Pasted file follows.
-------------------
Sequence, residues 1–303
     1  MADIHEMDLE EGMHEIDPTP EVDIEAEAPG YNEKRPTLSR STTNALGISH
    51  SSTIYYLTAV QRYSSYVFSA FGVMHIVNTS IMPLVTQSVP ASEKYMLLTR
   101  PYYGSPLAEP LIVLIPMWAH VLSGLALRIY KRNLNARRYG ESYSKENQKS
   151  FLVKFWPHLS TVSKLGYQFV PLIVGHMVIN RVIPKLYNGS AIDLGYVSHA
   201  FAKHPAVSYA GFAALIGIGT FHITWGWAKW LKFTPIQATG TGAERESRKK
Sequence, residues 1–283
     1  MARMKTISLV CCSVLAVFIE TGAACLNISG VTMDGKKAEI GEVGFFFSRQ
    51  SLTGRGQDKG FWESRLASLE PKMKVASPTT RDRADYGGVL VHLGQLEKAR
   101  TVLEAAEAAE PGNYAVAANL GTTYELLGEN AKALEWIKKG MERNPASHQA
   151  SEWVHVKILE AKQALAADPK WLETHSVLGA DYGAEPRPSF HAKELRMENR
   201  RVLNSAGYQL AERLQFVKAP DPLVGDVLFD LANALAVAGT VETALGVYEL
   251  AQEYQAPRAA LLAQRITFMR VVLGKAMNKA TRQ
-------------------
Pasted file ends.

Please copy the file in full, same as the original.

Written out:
Sequence, residues 1–303
     1  MADIHEMDLE EGMHEIDPTP EVDIEAEAPG YNEKRPTLSR STTNALGISH
    51  SSTIYYLTAV QRYSSYVFSA FGVMHIVNTS IMPLVTQSVP ASEKYMLLTR
   101  PYYGSPLAEP LIVLIPMWAH VLSGLALRIY KRNLNARRYG ESYSKENQKS
   151  FLVKFWPHLS TVSKLGYQFV PLIVGHMVIN RVIPKLYNGS AIDLGYVSHA
   201  FAKHPAVSYA GFAALIGIGT FHITWGWAKW LKFTPIQATG TGAERESRKK
Sequence, residues 1–283
     1  MARMKTISLV CCSVLAVFIE TGAACLNISG VTMDGKKAEI GEVGFFFSRQ
    51  SLTGRGQDKG FWESRLASLE PKMKVASPTT RDRADYGGVL VHLGQLEKAR
   101  TVLEAAEAAE PGNYAVAANL GTTYELLGEN AKALEWIKKG MERNPASHQA
   151  SEWVHVKILE AKQALAADPK WLETHSVLGA DYGAEPRPSF HAKELRMENR
   201  RVLNSAGYQL AERLQFVKAP DPLVGDVLFD LANALAVAGT VETALGVYEL
   251  AQEYQAPRAA LLAQRITFMR VVLGKAMNKA TRQ